Japan also scores poorly in the area of banking and openness to foreign investment. The fact that Tokyo Permitted Yamaichi Securities to fail is a positive sign: It signals investors that the government may no longer ride to the rescue of companies that can't make it in the marketplace. The challenge in all these countries is whether their leaders are courageous enough to take the political risks necessary for opening up their banking and financial-services sectors.
North Korea and Laos (#154) share the dubious honor (with Cuba) of being the world's most repressed economies. Despite the enthusiasm of many in the investment community, Vietnam (#147) has made next-to-no measurable progress toward opening its economy; it remains a centrally planned economy with a marginal, albeit growing, free market. India's score (#117) has remained the same, as has Indonesia's (#62). China's score (#120) has improved-though we call particular attention to its dismal performance in banking and financial services; the badloan problems in South Korea and Japan are nothing by comparison. The Central Asian economies, graded here for the first time, all fall near the bottom of the list.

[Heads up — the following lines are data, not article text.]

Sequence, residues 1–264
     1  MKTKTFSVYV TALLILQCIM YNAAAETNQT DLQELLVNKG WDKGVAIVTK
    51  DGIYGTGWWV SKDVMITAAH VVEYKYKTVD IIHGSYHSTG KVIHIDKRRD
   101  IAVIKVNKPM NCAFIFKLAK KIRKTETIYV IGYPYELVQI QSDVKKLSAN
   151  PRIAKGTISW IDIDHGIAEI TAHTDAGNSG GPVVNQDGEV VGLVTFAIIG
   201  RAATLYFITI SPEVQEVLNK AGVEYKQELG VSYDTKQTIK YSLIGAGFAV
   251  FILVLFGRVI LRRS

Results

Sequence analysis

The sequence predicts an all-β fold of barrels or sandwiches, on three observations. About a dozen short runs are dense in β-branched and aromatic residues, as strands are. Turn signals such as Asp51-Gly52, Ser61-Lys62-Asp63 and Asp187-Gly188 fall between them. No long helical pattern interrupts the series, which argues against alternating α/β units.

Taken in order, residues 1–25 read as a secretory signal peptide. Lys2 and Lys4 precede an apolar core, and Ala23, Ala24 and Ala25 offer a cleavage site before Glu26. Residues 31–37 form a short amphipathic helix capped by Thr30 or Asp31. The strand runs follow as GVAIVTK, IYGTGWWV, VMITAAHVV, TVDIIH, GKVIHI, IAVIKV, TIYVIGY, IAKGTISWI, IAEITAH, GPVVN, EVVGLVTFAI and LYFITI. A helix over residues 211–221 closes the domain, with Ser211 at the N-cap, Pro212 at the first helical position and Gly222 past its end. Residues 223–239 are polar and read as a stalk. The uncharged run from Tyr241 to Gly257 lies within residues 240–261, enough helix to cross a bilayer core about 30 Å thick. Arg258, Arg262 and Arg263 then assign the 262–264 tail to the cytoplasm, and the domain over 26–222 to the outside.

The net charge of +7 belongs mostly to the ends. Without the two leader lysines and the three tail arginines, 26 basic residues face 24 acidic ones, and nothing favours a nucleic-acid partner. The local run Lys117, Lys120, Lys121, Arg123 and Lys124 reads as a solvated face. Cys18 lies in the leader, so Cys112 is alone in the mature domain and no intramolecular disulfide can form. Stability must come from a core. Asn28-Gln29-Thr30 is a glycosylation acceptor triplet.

North Africa and the Mideast:
Bahrain (#3) is the most economically free country here, chiefly the result of a lack of taxation on personal income and on corporate profits. It also has one of the world's lowest rates of inflation as well as a strong and efficient court system. The United Arab Emirates (#14) has the second-freest economy, followed by Kuwait (#28) and Oman (#44). Although Israel (#53) improved its mostly unfree designation to mostly free by the second edition of the index, it has made little progress since then. Egypt (#96) improved its score this year.
This region remains the most economically unfree-and the poorest-area in the world. Of the 38 countries graded, none received a rating of free and only seven were ranked as mostly free. The highest-ranking economies in the region are Swaziland (#47), Botswana and Namibia (both #49), Uganda (#53) and South Africa (#66). On a per-capita basis, many sub-Saharan countries are among those receiving the highest levels of economic assistance. Yet the index demonstrates quite clearly that Africa's poverty is not the result of insufficient levels of foreign aid but of a lack of economic freedom, embodied in the policies these nations have imposed on themselves.